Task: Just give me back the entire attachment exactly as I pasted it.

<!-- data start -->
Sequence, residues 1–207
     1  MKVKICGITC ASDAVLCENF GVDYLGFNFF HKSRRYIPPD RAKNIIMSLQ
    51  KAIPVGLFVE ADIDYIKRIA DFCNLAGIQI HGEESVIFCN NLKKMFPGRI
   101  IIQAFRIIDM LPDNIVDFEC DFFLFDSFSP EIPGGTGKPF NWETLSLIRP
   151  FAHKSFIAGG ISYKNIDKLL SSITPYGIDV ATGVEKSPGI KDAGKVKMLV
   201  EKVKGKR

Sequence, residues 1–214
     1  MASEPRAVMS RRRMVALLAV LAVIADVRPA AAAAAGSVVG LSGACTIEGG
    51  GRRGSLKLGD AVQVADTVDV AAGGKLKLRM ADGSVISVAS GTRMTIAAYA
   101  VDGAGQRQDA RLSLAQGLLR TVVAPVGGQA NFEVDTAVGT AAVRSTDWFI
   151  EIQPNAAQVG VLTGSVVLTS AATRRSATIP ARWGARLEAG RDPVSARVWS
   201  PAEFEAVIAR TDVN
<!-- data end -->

Sequence, residues 1–207
     1  MKVKICGITC ASDAVLCENF GVDYLGFNFF HKSRRYIPPD RAKNIIMSLQ
    51  KAIPVGLFVE ADIDYIKRIA DFCNLAGIQI HGEESVIFCN NLKKMFPGRI
   101  IIQAFRIIDM LPDNIVDFEC DFFLFDSFSP EIPGGTGKPF NWETLSLIRP
   151  FAHKSFIAGG ISYKNIDKLL SSITPYGIDV ATGVEKSPGI KDAGKVKMLV
   201  EKVKGKR

Sequence, residues 1–214
     1  MASEPRAVMS RRRMVALLAV LAVIADVRPA AAAAAGSVVG LSGACTIEGG
    51  GRRGSLKLGD AVQVADTVDV AAGGKLKLRM ADGSVISVAS GTRMTIAAYA
   101  VDGAGQRQDA RLSLAQGLLR TVVAPVGGQA NFEVDTAVGT AAVRSTDWFI
   151  EIQPNAAQVG VLTGSVVLTS AATRRSATIP ARWGARLEAG RDPVSARVWS
   201  PAEFEAVIAR TDVN